Love those you don’t understand. Love those on the other side of the aisle. Love those who protest. Love those who protest against you. Love in a way that forces you to self-examine. Love in a way that moves you out isolation and insulation. Love in a way that demands justice. Love with mercy. Simply put, truly love.
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Continuing with our "Living for Jesus This Christmas" series, here is a story of the importance of gratitude and faith this holiday season.
At this time of year, the stress levels for many are almost too much to bear. We struggle through the ups and downs of the season, as we navigate family, our budget, and our church life. It’s all too easy to become frustrated and angry, and then to lose sight of our priorities. The key to changing all this: thankfulness -- for Christ, salvation, and what we have been given.
During Christmas season, I often find myself up awake at night, wondering about all that is and all that could be. As I stare at the ceiling, I struggle with the thought that maybe I’m not living up to what God intends for me to be. And indeed, there are always areas I can improve, but much of this self-doubt is probably rooted in ungratefulness.
My wife Kalene's recent solution to some of these difficulties was to share with me a lovely song from the 1954 film, White Christmas:
“When I'm worried and I can't sleep / I count my blessings instead of sheep / And I fall asleep / Counting my blessings / When my bankroll is getting small / I think of when I had none at all / And I fall asleep / Counting my blessings / If you're worried and you can't sleep / Just count your blessings instead of sheep / And you'll fall asleep / Counting your blessings”
And isn’t this the truth? We all have the blessing of Jesus, who saves, as well as many other blessings. If only that were our focus instead!
Paul the Apostle understood this. Repeatedly, he opens his letters with words of thankfulness. For example, even when addressing the Corinthian church, who he is struggling to maintain a relationship with, he says:
“Blessed is the God and Father of our Lord Jesus Christ, the Father of mercies and God of all comfort, who comforts us in all our affliction, so that we may be able to comfort those who are in all affliction with the comfort with which we ourselves are comforted by God. For just as the sufferings of Christ overflow to us, thus through Christ our comfort overflows also” (2 Cor 1:3–5).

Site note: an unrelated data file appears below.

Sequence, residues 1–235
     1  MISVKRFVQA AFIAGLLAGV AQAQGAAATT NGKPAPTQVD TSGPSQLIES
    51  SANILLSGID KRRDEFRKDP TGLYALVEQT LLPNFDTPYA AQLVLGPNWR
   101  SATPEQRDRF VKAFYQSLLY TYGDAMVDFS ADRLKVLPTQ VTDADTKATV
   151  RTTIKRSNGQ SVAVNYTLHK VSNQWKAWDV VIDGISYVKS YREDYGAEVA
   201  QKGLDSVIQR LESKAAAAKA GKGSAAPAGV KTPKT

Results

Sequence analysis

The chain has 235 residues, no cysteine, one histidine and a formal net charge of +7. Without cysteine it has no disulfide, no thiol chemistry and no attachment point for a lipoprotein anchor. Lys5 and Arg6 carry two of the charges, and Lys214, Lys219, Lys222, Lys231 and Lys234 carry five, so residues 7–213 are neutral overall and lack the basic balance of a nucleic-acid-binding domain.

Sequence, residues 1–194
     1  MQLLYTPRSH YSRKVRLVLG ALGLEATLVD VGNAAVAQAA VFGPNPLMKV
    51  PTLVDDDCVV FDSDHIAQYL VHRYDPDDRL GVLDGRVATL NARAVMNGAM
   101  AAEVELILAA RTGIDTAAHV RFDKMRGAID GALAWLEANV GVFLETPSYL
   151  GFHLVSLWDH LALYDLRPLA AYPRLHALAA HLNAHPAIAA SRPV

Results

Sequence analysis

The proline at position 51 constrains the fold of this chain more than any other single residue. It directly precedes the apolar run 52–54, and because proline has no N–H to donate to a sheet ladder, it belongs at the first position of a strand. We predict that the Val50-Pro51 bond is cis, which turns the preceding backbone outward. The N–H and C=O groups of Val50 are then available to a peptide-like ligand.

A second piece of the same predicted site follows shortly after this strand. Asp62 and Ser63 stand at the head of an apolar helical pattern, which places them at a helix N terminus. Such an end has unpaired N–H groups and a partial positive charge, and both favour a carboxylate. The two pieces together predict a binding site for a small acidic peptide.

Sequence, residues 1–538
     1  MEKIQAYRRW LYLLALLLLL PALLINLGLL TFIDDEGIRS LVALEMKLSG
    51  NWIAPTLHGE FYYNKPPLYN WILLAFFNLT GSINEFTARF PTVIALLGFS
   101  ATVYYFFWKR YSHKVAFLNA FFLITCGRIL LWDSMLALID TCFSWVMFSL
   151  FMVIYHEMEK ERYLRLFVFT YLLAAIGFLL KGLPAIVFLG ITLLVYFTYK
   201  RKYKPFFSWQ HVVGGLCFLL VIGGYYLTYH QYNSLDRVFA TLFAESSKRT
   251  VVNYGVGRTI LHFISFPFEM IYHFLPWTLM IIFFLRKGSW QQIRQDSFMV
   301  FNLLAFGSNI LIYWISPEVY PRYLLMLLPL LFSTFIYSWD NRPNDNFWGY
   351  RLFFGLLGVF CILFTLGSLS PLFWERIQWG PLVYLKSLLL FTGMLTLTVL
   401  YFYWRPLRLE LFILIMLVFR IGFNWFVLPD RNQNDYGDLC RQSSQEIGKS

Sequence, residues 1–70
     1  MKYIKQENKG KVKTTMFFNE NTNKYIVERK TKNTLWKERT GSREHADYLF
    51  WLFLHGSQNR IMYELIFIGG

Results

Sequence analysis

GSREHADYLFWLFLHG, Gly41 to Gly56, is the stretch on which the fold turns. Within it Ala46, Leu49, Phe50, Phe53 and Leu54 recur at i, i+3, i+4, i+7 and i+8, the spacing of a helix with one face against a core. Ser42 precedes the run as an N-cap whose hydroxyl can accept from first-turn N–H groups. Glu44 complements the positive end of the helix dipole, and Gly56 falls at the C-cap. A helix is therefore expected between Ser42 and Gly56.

Here is Paul, in the midst of a struggle with the Corinthian church, and with some struggles of his own, showing a spirit of thankfulness. By counting his blessings, he finds a way to have joy even when things are hard.
When we really get down to it, there’s an obvious point that we all know, but that maybe we should take a second to remind ourselves of: This season is about Jesus, or at least it’s supposed to be. Breathe that in. Tell yourself that everyday. Remember what Jesus did for us, and be thankful for it. It will change everything.
And then, take a moment to remind yourself how the one who gave it all calls us to give it all for the betterment of our world.
When we give, our thought patterns change -- and our general attitude about life changes. We find ourselves realizing what God can do through our lives and then we find ourselves grateful for it.
Jesus can do so much through your life, and wants to do so much. Give over more of your life to him this year. Let him work through you in this season, to show love to others with a generous and grateful spirit. Work with Christ to transform lives and our world.
This article was previously published under the title, "Reclaim a Spirit of Gratitude this Christmas Season."
Continuing with our "Living for Jesus This Christmas" series, we have another post filled with hope for you this holiday season.
It’s beginning to look a lot like Christmas. For some this means absolute joy, for others it’s a more difficult time of year. I understand both sentiments—as I have had both throughout the years.
No matter where you are this time of year, or how you feel about it, I have a hope-filled message for you.
Right from Jesus’ birth, we see how God likes to surprise. He doesn’t choose the richest woman in the land to give birth to Jesus, but instead one of the impoverished. The angel Gabriel says to Mary:
“Greetings, favored one! The Lord is with you. … Do not be afraid, Mary, for you have found favor with God. And behold, you will conceive in the womb and will give birth to a son, and you will call his name Jesus. This one will be great, and he will be called the Son of the Most High, and the Lord God will give him the throne of his father David. And he will reign over the house of Jacob forever, and of his kingdom there will be no end. … The Holy Spirit will come upon you, and the power of the Most High will overshadow you. Therefore also the one to be born will be called holy, the Son of God” (Luke 1:28–38 LEB).
Mary’s ultimate reply, after learning that she, a virgin, will conceive miraculously: “Behold, the Lord’s female slave! May it happen to me according to your word” (Luke 1:38 LEB).
Mary speaks truth. These are words each of us need to hear today: May we act according to God’s will, so attached to him that it resembles a slave following his or her master. May God’s will happen according to his word.